bullfighters who have died in bullfights



Just for a change, below is a list of some of the bullfighters who have died in bullfights ... followed by a few basic Facts on Bullfighting.

Many visitors to Spain get extremely upset about the cruelty of the country´s national sport.

For these, and for all the bulls who have to participate, I dedicate this page, which takes a little look at some of the bullfighters who have lost their lives, along with the names of the bulls responsible!

For aficionados of the intricate sport of bullfighting, I hope you'll enjoy the résumé and terminology of a traditional corrida de toros - which can be found towards the bottom of the page.

Also, a colorful selection of Pictures of spanish bull fighting, which you'll find on this page.


bullfighters who have died in bullfights

Of course, toreros are wounded fairly frequently in the profession they have chosen - some more seriously than others. But, here are the names of bullfighters who have died in bullfights.

- 11th May 1801 - José Delgado ("Pepe Hillo"),
killed by the bull Barbudo.

- 20th April 1862 - José Rodríguez ("Pepete"),
killed by the bull Jocinero.

- 16th May 1920 - José Gómez ("Joselito"),
killed by the bull Bailador.

- 7th May 1922 - Manuel Granero,
killed by the bull Pocapena.

- 11th August 1934 - Ignacio Sánchez Mejías,
killed by the bull Granadino.

- 28th August 1947 - Manuel Rodríguez Sánchez ("Manolete"),
killed by the bull Islero.

- 26th September 1984 - Francisco Rivera ("Paquirri"),
killed by the bull Avispado.

- 30th August 1985 - José Cubero ("Yiyo"),
killed by the bull Burlero.

Of the bullfighters who have died in bullfights, Manuel Rodríguez Sánchez - or Manolete - was probably the most famous, with the Museum of Bullfighting in Córdoba (his home town) dedicated to him.

Francisco Rivera was also very popular and one of his sons - Francisco Rivera Ordóñez - follows in his father´s foot-steps as a top, present-day matador.

Let us hope he doesn´t join his father on the list of bullfighters who have died in bullfights!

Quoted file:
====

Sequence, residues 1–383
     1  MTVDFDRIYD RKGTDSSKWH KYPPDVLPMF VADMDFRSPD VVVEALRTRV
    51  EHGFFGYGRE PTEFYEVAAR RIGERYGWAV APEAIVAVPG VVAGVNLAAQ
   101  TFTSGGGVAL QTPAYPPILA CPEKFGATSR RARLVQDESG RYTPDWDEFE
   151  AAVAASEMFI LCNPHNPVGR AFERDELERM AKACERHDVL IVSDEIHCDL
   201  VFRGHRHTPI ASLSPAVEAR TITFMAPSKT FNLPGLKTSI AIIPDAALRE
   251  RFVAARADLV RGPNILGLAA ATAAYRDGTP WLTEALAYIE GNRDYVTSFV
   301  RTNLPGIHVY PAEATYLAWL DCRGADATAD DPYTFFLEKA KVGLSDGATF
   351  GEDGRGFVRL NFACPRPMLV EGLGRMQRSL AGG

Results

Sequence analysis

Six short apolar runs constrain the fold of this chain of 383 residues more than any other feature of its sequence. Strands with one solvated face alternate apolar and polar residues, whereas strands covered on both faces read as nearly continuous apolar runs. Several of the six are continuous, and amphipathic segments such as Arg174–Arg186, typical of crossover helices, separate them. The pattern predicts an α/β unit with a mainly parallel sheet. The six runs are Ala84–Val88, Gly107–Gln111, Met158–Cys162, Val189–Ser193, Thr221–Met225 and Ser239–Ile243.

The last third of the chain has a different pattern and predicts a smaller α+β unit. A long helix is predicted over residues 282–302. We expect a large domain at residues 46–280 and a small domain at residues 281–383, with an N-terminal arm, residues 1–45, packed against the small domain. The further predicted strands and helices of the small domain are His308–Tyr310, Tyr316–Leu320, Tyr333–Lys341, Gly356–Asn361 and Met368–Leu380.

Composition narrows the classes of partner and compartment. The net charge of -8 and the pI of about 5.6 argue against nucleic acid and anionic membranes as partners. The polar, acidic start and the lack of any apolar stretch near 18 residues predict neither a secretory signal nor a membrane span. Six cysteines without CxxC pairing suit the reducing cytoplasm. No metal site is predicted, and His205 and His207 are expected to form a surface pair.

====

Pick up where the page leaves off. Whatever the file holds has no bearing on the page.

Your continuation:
Facts on Spanish Bull Fighting

Spanish-style bullfighting is called a corrida de toros - literally a "running of bulls".

In a traditional corrida, three matadores (also called toreros) each fight two out of the total of six bulls.

Each bull is at least 4 years´ old and weighs up to 600 kg.

Each matador has five assistants - two picadores (lancers) mounted on horseback, and three banderilleros.

Collectively, they comprise a cuadrilla or team of bullfighters.

The corrida has three distinct parts or tercios.

In the first stage, the two picadores - mounted on heavily protected and blindfolded horses - stab the bull with a lance.

The aim is to weaken the bull and damage his neck muscles.

In the second stage - the suerte de banderillas - the three banderilleros each attempt to plant two colored harpoons into the bull.

Again, this is to weaken the neck and shoulder muscles of the bull. Some of the more skilled matadores will often do this themselves.

In the third and final stage - the suerte de matar - the matador (literally meaning "killer") enters the ring with a small red cape or muleta in one hand and a sword in the other.

He uses his cape to attract the bull in a series of passes, demonstrating his control over it.

He finally stabs the bull between the shoulders and through the heart.

If he fails in this, he must then cut the bull´s spinal cord with a second sword, killing it instantly.


Although the bulls are big and strong, with one matador plus five assistants all against them, it is no wonder that the list of bullfighters who have died in bullfights is much shorter than the list of bulls who have died!


other pages related to spain culture/history

  • Pictures of Spanish Bull Fighting
  • History of Spain
  • All about the Flag of Spain
  • Spanish National Anthem
  • The Spanish Inquisition
  • The Spanish Armada



  • top tour of spain


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